Blog: Jerome Powell Went Easy on Wall Street – The American Prospect

This article is part of the Prospect roundtable on the future of the Federal Reserve.

The Federal Reserve chair is the single most powerful person in our financial regulatory regime. The 2010 Dodd-Frank Act gave the Fed a central role in pursuing the elusive but essential goal of ensuring that the financial system actually serves the needs of ordinary Americans. The Fed sets rules and scrutinizes lenders to ensure the system is well managed, stable, and focused on financial intermediation, not speculation.

That is indispensable to any discussion of American political economy. As Americans for Financial Reform has written, the easy monetary policy that all of today’s writers strongly support inevitably leads to asset bubbles, if not paired with aggressive supervision and regulation. We’re currently living through a financial speculation heyday, as the Prospect’s David Dayen has covered at length. When big bubbles pop, history shows, poorer communities and communities of color suffer the most. Black wealth, which already unconscionably trailed white wealth, has never fully recovered from the 2008 crash. To put it another way, loose monetary policy grows the economic pie tremendously, but strict regulatory policy is how the pie gets sliced equitably.

This means that, to assess a Fed chair, we have to consider how they’ve handled all of their responsibilities. Just as a president shouldn’t only be judged on whether or not they started a war, Fed chairs shouldn’t only be judged on whether they raised or lowered interest rates. That’s their most salient power, but they have other, more complex ways of affecting our lives. Financial regulation is one of the most important of these, and it’s one on which current Fed chairman Jerome Powell has failed badly.

Arguments for reappointing Powell have focused on monetary policy, and attributed poor regulatory policy, if mentioned at all, to vice chair for supervision Randal Quarles. This is a dodge. Powell has voted identically with Quarles on all of his deregulatory proposals, and is supposed to be uniquely skilled at building consensus. Supporting these rollbacks speaks to his own priorities. More simply, he is the chair. He bears responsibility for the Fed’s actions, and especially the work of his co-partisans.

More from Max Moran

Those overlooking the technicalities of Powell’s financial deregulations should consider that he’s applied the same playbook to monetary policy. Last August, Powell approved a stealthy sabotage of future efforts to prioritize employment in a non-pandemic scenario when the Fed updated its monetary policy framework statement. What matters is what the new statement didn’t say: In 2012, then–Fed Chair Janet Yellen ensured the Fed set actual numerical targets for measuring and achieving full employment, which were reasserted in 2019. One can object to the Fed’s calculations, but calculations were there, meaning the central bank could be held to some independent standard. Powell’s new framework removes any quantification for unemployment, as well as the language stating the Fed “follows a balanced approach” between curbing inflation and maximizing employment. In other words, it’s now up to Powell whether Powell has achieved maximal employment—but he still has quantitative inflation targets. When agencies have quantitative targets for one goal but not the other, which do you think they’ll care about more?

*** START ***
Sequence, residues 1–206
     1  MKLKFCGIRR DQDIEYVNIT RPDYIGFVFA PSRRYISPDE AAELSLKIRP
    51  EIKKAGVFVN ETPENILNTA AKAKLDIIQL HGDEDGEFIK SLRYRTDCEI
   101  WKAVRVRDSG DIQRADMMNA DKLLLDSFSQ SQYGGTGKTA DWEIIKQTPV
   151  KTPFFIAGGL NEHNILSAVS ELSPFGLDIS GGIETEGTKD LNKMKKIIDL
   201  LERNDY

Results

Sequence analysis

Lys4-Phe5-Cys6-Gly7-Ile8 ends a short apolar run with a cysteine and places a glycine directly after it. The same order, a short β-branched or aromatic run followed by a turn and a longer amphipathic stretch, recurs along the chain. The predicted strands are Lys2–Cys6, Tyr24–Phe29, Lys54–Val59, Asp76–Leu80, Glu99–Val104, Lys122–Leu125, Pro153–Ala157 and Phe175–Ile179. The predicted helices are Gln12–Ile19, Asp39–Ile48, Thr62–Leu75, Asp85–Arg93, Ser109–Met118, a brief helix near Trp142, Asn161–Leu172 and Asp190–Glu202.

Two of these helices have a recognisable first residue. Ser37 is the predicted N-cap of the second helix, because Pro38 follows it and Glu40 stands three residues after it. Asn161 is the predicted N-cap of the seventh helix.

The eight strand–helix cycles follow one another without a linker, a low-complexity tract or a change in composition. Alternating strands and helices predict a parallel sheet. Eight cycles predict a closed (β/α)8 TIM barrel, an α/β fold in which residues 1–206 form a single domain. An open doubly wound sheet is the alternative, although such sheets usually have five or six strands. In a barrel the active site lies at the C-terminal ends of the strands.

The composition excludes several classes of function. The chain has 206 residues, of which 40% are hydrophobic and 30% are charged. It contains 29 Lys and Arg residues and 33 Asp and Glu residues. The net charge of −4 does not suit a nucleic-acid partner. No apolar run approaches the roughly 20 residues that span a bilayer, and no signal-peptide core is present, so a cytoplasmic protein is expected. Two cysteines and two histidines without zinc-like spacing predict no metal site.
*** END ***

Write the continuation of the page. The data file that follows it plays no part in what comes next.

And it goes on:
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Powell’s reinvention as America’s foremost dove is also new, and potentially transitory. In 2017, Bloomberg considered him the second-most hawkish of the Fed’s six permanent voting members, and about median among all the governors. They placed him down the middle in 2015 as well. His dovish turn is welcome, of course, but it shouldn’t be considered deeply held or durable, should the political winds shift.

And at least we’ve seen an alteration of Powell’s views on monetary policy; on regulatory policy, that’s not been in evidence. Joe Biden said in 2016 that his biggest regret from a life spent in politics was deregulating Wall Street. Why should he reappoint its willing accomplice?

IN 2013, POWELL GAVE a speech where he surprisingly called Dodd-Frank “a broad and well-structured agenda to strengthen the resilience of the financial system.” He even expressed a good-faith willingness to engage those calling for greater action, saying hard caps on bank size “require, and deserve, careful analysis.”

Then Donald Trump made Powell chair in 2017, and congressional Republicans, as well as many Democrats, set about tearing down Dodd-Frank. Powell was their willing accomplice, in some cases going further than necessary to undo the very measures he’d applauded under Obama.

Powell enthusiastically backed Sen. Mike Crapo’s (R-ID) 2018 bank deregulatory omnibus. Among other changes, it quintupled the threshold for enhanced regulatory supervision from the Fed from $50 billion of assets to $250 billion. This was a giveaway to so-called “stadium banks,” which are not the mega-banks like Wells Fargo or Citi but are big enough to have a stadium named after them.